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Trigger warnings and movie ratings

In an effort to explain trigger warnings and safe spaces to people who clearly don’t understand them—like the University of Chicago’s dean of students—a few folks have compared them to the movie ratings and trailer cards that list potentially offensive material. It’s a useful analogy, but not likely to be much comfort for people concerned about trigger warnings.

In the US, the movie and trailer ratings system is operated by the Motion Picture Association of America, a trade organization. The actual process by which they set and deliver those ratings has long been somewhat secretive, but the documentary “This Film Is Not Yet Rated” does an impressive job of uncovering and exploring those facts. Unfortunately, it’s not just a benign means of presenting more information so that viewers can be better informed.

The documentary shows filmmakers describing instances where the movie raters appear to be biased against non-heternormative sexual content, and against women’s sexuality. Independent filmmakers, too, report that they get less detailed notes about why their films were rated a certain way.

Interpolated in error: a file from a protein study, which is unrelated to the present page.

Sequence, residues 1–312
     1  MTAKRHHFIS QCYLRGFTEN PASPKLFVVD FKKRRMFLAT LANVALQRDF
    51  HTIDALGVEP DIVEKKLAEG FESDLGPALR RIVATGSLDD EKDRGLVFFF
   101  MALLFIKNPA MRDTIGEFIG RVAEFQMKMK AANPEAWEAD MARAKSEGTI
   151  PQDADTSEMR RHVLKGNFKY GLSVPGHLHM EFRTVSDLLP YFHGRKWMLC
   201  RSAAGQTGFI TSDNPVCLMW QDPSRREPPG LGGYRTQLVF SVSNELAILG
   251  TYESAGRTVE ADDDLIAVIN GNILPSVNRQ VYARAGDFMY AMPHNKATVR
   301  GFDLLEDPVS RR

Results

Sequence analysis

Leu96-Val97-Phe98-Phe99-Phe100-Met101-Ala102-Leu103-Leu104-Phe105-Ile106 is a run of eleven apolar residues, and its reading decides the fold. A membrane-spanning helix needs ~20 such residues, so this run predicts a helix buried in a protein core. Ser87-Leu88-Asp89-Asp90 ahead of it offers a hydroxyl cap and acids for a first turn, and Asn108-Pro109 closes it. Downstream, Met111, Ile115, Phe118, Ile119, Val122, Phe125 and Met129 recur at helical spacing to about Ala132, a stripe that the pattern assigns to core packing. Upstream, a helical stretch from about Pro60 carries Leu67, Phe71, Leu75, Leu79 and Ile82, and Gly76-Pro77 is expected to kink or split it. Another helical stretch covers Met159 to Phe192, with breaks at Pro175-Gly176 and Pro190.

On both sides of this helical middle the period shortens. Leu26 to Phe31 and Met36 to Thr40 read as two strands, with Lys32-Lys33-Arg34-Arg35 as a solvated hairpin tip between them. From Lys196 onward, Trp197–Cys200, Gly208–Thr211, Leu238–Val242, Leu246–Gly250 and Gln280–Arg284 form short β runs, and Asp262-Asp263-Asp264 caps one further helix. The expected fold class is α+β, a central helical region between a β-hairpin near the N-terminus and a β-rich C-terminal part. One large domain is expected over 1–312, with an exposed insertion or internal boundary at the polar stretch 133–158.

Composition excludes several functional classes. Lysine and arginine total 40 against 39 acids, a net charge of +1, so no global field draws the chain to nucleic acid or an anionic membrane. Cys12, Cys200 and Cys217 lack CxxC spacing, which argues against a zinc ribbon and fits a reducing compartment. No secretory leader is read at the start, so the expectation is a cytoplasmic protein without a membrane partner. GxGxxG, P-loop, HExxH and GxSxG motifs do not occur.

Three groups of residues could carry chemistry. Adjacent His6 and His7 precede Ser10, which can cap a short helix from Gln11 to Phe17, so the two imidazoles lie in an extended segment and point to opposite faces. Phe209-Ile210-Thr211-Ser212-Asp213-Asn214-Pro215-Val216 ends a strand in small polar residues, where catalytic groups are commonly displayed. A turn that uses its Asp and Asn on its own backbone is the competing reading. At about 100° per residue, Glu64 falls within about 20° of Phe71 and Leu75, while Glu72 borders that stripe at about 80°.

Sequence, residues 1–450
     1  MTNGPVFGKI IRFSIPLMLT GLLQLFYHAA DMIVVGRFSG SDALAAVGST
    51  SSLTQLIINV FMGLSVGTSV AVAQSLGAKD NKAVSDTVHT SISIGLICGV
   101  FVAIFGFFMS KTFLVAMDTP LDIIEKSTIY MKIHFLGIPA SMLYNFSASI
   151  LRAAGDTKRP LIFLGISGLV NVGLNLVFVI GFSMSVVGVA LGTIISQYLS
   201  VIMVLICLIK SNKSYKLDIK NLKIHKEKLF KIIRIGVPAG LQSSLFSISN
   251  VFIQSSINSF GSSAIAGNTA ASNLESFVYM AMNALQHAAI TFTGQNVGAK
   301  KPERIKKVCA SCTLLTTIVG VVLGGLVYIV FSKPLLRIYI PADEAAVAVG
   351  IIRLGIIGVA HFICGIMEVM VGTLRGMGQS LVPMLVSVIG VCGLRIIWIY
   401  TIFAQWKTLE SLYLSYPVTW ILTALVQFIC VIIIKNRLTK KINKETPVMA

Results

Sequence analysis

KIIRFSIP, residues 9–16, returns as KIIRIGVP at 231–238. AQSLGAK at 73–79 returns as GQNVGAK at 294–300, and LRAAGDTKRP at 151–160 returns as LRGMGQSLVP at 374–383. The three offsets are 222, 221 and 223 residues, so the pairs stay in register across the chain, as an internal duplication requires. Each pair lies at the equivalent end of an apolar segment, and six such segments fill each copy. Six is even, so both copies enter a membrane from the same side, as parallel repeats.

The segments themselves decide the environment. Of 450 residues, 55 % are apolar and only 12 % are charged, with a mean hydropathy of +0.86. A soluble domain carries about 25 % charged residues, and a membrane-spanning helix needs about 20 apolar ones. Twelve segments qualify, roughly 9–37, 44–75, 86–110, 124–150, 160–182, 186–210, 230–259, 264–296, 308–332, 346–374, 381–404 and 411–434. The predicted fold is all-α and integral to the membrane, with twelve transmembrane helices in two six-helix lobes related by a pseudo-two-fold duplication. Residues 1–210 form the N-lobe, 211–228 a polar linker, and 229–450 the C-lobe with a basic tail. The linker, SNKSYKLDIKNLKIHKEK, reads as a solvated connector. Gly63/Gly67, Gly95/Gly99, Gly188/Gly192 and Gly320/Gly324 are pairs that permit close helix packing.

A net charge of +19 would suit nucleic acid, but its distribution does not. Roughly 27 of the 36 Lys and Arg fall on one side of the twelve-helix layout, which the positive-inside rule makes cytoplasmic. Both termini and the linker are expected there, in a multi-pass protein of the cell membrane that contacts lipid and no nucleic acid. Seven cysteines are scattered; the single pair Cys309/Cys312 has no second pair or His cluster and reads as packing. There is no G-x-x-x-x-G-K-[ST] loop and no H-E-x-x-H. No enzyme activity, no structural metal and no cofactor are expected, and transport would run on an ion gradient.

If these ratings were just used for informing viewers, that might be alright; viewers could learn about the MPAA’s bias and discount certain ratings accordingly. But there’s a cascading effect: theaters refuse to show movies with certain ratings, or refuse entry to people below a certain age. (Sometimes, admirably, they buck that trend.) The same is true for other media—music and video game retailers make stocking and selling decisions based on these ratings from industry groups.

Good instructors should have empathy for their students, and that includes giving a fair warning when upsetting (or triggering) material is likely to be discussed. Some people worry that such a suggestion will be mandated, or that those warnings will lead to relevant but controversial content being avoided or even banned from the classroom. It’s absolutely possible to have the former without the latter, but movie ratings are not a great example of that in practice.